The Common Good is God

Andy Crouch:

Rerum Novarum launched the movement called Catholic social thought. Successive popes and other Christian thinkers picked up on Leo’s themes, defining the common good as “the sum total of social conditions which allow people, either as groups or as individuals, to reach their fulfillment more fully and more easily.” Two ideas are particularly significant in this definition. The common good is measured by fulfillment or flourishing—by human beings becoming all they are meant to be. And the common good is about persons, both groups and individuals—not just about “humanity” but about humans, and not just about individuals but about persons in relationship with one another in small groups.

* * *

Essential to the common good, all the way back through Aquinas to Aristotle, has been the insight that the best forms of human flourishing happen in collectives that are smaller than, and whose origins are earlier than, the nation-state. Family above all, but also congregations, guilds, and clubs—these “private associations,” with all their particular loyalties, paradoxically turn out to be essential to public flourishing. If we commit ourselves to the common good, we must become more public in our thinking and choices, and at the same time not too public. The common good is sustained most deeply where people know each other’s names and faces—especially when it comes to the care of the vulnerable, who need more than policies to flourish.

Seeking the common good in its deepest sense means continually insisting that persons are of infinite worth—worth more than any system, any institution, or any cause. Societies are graded on a curve, with the fate of the most vulnerable given the most weight, because the fate of the most vulnerable tells us whether a society truly values persons as ends or just as means to an end.

And the common good continually reminds us that persons flourish in the small societies that best recognize them as persons—in family and the face-to-face associations of healthy workplaces, schools, teams, and of course churches. Though it is a big phrase, “the common good” reminds us that the right scale for human flourishing is small and specific, and that the larger institutions of culture make their greatest contribution to flourishing when they resist absorbing all smaller allegiances.

* * *

First, the common good can give us common ground with our neighbors. We may not agree with them—indeed, Christians don’t always agree with one another—about what exactly human flourishing looks like. But the common good is a conversation starter rather than a conversation ender. It can move us away from pitched battles over particular issues and help us reveal the fundamental questions that often lie unexplored behind them. In a time when many conversations between people with different convictions seem to end before they begin, we simply need more conversation starters.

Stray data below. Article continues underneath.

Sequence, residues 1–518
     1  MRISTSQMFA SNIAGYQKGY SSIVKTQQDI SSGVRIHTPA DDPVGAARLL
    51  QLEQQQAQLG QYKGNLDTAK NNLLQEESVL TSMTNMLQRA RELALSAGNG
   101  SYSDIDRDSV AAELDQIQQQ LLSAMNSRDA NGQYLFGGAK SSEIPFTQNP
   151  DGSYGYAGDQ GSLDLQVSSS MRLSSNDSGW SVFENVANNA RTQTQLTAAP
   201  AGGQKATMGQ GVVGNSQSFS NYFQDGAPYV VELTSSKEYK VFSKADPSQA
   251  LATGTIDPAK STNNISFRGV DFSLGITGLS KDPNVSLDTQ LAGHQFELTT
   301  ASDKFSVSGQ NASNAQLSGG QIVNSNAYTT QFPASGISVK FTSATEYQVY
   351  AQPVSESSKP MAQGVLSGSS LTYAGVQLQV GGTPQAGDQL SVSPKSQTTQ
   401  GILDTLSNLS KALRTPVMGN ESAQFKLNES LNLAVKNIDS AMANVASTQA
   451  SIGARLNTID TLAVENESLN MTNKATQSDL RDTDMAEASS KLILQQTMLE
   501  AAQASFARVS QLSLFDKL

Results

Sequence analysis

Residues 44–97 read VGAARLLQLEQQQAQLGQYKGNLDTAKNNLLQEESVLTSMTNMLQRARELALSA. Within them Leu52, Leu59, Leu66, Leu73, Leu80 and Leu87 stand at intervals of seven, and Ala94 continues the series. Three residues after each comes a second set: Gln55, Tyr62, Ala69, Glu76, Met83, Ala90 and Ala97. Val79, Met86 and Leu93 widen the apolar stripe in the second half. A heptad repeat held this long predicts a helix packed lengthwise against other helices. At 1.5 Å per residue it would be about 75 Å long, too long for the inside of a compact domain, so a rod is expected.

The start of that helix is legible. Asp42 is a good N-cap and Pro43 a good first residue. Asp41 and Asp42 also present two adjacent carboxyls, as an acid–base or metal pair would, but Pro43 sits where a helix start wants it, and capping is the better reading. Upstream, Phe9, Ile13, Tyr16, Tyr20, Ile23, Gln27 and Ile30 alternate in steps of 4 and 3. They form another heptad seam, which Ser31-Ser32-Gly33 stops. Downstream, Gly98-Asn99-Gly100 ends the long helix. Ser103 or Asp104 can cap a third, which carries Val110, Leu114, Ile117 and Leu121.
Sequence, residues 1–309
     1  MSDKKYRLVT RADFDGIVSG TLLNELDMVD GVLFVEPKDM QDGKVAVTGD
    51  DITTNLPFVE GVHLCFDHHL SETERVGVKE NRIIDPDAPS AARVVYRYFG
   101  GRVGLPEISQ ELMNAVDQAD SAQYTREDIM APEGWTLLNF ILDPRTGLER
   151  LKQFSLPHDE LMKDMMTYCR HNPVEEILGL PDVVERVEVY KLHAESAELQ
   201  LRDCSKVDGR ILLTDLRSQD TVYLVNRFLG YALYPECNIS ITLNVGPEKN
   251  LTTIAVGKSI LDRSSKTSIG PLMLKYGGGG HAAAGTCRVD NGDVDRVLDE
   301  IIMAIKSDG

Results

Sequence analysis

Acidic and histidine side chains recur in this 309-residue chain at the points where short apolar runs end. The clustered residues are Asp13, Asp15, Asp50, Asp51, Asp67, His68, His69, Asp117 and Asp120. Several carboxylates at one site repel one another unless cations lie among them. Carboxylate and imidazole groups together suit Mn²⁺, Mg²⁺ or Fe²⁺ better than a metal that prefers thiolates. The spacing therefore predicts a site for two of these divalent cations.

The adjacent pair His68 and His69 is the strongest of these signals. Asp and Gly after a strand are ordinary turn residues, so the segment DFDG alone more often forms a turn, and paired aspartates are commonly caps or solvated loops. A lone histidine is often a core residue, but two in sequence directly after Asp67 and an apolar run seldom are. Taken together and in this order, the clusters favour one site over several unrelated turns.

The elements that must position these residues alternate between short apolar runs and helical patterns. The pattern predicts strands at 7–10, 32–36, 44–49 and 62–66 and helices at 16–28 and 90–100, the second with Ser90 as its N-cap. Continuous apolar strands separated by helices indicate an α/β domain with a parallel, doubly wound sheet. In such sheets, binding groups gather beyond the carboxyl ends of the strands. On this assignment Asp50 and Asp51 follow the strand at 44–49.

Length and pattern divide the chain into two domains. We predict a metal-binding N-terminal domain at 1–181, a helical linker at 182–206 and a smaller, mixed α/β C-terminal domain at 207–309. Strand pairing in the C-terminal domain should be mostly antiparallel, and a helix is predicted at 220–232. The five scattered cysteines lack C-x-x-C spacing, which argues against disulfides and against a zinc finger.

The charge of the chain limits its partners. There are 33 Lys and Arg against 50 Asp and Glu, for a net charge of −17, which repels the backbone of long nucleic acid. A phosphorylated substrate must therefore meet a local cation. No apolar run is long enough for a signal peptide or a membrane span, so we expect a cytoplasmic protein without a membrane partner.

But equally important, the common good allows us to stake out our Christian convictions about what is good for humans—and to dare our neighbors to clarify their own convictions. “In the simplest sense,” Bradley Lewis said, “the common good is God. It is God who satisfies what people need, individually and communally.” Adopting the language of the common good means owning this bedrock Christian belief and proclaiming it to our neighbors. If we are not offering our neighbors the ultimate common good—the knowledge and love of God—we are not taking the idea of the common good seriously.

Perhaps best of all, the common good is a matter of choices, not just ideas. And those choices are often local, not grand social schemes. My decisions about where to live and what to eat and buy, as well as what to grow and create, whom to befriend and where to volunteer, whom to employ and how much to pay, aren’t just about my private fulfillment. They will also either contribute to others’ flourishing or undermine it.

Indeed, all things that are truly good are common goods, meant to be shared and enjoyed together. And if the return of “the common good” reminds us of that truth and that hope, and shapes the way we live among our neighbors, it will have done a world of good.

— What’s So Great About ‘The Common Good’? (Christianity Today)


2 thoughts on “The Common Good is God

  1. Thanks for sharing this.

    One quibble: it’s common to say that Rerum novarum “launched the movement called Catholic social thought.” In reality, Catholic theologians have been thinking about the relationship between the Gospel and the common good for a very long time. Both Augustine and Aquinas, usually regarded as the two greatest theologians in the Catholic tradition, both devoted a significant amount of attention to the question of the relationship between Christian discipleship and the common good.

    It is true that the rise of laissez faire capitalism and the socialist and communist reactions against it created a genuinely new economic situation, in which novel questions required significant developments in the Church’s tradition in order to address the new situation. But the core principles which drove Catholic social thought were not new, nor were they uniquely Catholic: they were rooted in a long philosophical tradition that encompassed not only Augustine and Aquinas, but Aristotle and Plato, as well.

    So in one sense, Rerum novarum was doing something genuinely new, in so far as it was addressing new questions raised by the conflict between laissez faire capitalists and their socialist and communist enemies. But the answers to those questions were given by appeal to already established principles of the common good. It is, I think, more accurate to understand Rerum novarum as significant development in an already well-established tradition than to see it as inaugurating something new.

    That aside, however, this is a great article. Thanks for sharing.

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